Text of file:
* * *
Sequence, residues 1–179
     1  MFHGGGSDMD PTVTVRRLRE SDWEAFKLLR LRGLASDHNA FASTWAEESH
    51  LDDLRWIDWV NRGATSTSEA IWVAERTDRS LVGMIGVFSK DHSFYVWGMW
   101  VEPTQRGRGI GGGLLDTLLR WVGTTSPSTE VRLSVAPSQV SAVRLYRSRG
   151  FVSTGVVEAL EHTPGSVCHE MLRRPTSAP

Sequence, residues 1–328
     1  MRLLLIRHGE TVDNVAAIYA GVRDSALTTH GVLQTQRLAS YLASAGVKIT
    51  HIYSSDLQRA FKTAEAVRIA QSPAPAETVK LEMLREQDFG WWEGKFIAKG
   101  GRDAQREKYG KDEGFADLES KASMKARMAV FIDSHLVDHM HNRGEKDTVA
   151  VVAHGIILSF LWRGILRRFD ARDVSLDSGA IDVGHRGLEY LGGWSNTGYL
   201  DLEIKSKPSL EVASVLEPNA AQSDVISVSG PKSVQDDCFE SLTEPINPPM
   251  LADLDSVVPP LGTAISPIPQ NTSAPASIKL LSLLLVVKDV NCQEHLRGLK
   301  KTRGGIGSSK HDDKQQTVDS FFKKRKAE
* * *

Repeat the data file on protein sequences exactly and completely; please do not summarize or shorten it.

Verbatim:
Sequence, residues 1–179
     1  MFHGGGSDMD PTVTVRRLRE SDWEAFKLLR LRGLASDHNA FASTWAEESH
    51  LDDLRWIDWV NRGATSTSEA IWVAERTDRS LVGMIGVFSK DHSFYVWGMW
   101  VEPTQRGRGI GGGLLDTLLR WVGTTSPSTE VRLSVAPSQV SAVRLYRSRG
   151  FVSTGVVEAL EHTPGSVCHE MLRRPTSAP

Sequence, residues 1–328
     1  MRLLLIRHGE TVDNVAAIYA GVRDSALTTH GVLQTQRLAS YLASAGVKIT
    51  HIYSSDLQRA FKTAEAVRIA QSPAPAETVK LEMLREQDFG WWEGKFIAKG
   101  GRDAQREKYG KDEGFADLES KASMKARMAV FIDSHLVDHM HNRGEKDTVA
   151  VVAHGIILSF LWRGILRRFD ARDVSLDSGA IDVGHRGLEY LGGWSNTGYL
   201  DLEIKSKPSL EVASVLEPNA AQSDVISVSG PKSVQDDCFE SLTEPINPPM
   251  LADLDSVVPP LGTAISPIPQ NTSAPASIKL LSLLLVVKDV NCQEHLRGLK
   301  KTRGGIGSSK HDDKQQTVDS FFKKRKAE